April 10, 2021

Reintegration after deployment

Military Dad Hugging His Young Daughter

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What is the hardest part of deployment for families?​

What can you expect when your loved one comes home after deployment?

In this podcast episode, Elizabeth Polinsky answers these questions and more when she discusses how to navigate reintegration after deployment.

​IN THIS PODCAST

SUMMARY: 

  • The impact of deployment
  • Stages of reintegration 
  • Tips for reintegration ​

MAIN POINTS:

1. A Personal Story of ReintegrationThe last time my husband returned home, I spent days feeling really excited that he was coming home; but I also felt anxious about whether our relationship would still be the same. When I went to pick him up from, I suddenly felt really angry–which took both of us by surprise. It took me a while to realize that I was angry because he had left in the first place even though my logical mind understood that he can’t control when the military tells him to go somewhere. I mention this story because even when people think they are prepared for deployment and reintegration after deployment, there are often unexpected emotional reactions that happen. 

What can go wrong will go wrong right when your partner leaves”

Paraphrased from Elizabeth Polinsky 

2. The Impact of Deployment

  • While some people develop anxiety, depression, or PTSD as a result of their deployment experience; the majority of people often return home without an mental heath  problems.
  • Deployment is still stressful for all families–for the service member as well as for the families who stay at home.  
  • Stress can still cause feelings of anxiety, irritableness, and behavior change. So many people may experience these as a result but it doesn’t necessarily mean there is a mental health problem–people just need time to adjust to the changes.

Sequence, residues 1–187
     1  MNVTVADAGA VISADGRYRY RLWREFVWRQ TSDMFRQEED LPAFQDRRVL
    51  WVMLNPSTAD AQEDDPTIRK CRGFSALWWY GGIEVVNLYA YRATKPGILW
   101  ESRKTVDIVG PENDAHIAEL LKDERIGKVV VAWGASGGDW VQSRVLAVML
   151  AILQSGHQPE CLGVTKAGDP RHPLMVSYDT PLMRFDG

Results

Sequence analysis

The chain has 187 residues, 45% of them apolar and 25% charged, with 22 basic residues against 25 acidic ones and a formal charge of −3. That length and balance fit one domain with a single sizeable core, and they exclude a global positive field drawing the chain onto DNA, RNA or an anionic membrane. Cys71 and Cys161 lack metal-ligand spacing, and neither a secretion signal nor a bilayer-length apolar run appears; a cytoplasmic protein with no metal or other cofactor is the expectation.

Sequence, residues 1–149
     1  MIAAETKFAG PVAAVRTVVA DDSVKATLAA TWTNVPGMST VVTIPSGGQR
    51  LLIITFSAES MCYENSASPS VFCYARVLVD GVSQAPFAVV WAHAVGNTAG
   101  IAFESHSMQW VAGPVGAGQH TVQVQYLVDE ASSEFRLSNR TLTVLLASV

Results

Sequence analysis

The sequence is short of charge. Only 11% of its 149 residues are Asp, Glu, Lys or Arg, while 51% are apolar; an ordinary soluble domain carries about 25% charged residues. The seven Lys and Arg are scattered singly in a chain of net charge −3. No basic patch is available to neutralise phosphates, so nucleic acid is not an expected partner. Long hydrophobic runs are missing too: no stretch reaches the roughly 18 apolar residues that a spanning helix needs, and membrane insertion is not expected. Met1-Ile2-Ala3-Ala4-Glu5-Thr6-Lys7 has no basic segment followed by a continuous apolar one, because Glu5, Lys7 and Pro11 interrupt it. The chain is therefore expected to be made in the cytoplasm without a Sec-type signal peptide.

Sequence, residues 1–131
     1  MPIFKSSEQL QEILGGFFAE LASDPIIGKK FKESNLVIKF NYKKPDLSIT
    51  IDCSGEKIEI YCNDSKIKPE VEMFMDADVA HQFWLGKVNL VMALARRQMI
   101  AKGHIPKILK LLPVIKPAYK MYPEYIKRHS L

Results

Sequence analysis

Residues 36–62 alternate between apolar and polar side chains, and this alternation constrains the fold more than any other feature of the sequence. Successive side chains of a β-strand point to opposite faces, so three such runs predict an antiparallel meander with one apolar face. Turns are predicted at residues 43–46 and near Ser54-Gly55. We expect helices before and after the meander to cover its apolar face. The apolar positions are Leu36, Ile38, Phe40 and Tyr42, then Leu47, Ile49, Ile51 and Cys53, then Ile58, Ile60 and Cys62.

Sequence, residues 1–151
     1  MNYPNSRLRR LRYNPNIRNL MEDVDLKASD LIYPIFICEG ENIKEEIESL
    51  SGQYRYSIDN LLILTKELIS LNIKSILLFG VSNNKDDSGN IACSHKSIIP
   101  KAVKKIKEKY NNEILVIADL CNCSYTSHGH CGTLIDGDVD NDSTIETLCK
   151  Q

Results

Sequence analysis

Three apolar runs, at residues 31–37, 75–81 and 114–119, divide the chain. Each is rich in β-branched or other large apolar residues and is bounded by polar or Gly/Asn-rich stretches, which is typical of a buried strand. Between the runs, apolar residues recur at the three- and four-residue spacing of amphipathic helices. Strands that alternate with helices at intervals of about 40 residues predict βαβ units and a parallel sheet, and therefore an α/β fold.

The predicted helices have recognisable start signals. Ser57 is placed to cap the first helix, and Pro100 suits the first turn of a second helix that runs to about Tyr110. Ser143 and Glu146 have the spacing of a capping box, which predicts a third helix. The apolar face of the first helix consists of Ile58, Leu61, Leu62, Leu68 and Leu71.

• While a service member is deployed, there was reorganization of responsibilities, routines, and roles in the family.
    1. People vary in coping; they either underperform or overperform. Both are natural responses o the stress of the change. 
  • It is common to have feelings of uncertainty and loss throughout the deployment. 
  • There is a rebound effect once you have adjusted to deployment; then you will feel more confident and have stronger social relationships.
  • Good social support is one of the biggests factor for adjusting well to deployment versus having more struggles with deployment. 
  • For most people, the most stressful part of the experience is the actual deployment itself. ​

The less secure your relationship is going into the deployment…the deployment can amplify the feelings of insecurity in the relationship”

Paraphrased from Elizabeth Polinsky 
Army Soldier with His Family Holding the American Flag

3. Stages of Reintegration after Deployment

  1. There is a lot of anticipation and mixed emotions as you approach reintegration. 
  2. It is typical to have a honeymoon period when your partner comes back from deployment. This can last a few days to a few weeks. However, it won’t last.
    1. Families start renegotiating roles and responsibilities. The service member will need to have a role in the family again. 
    2. Some families struggle when there is conflict over new roles and responsibilities. It is helpful to actively discuss this as a family and create opportunities for your service member to be involve din the family again. 
    3. For some people,  this is the most difficult stage in the deployment cycle. 
  3. It is important to remember that each member in the family has changed some over deployment. ​​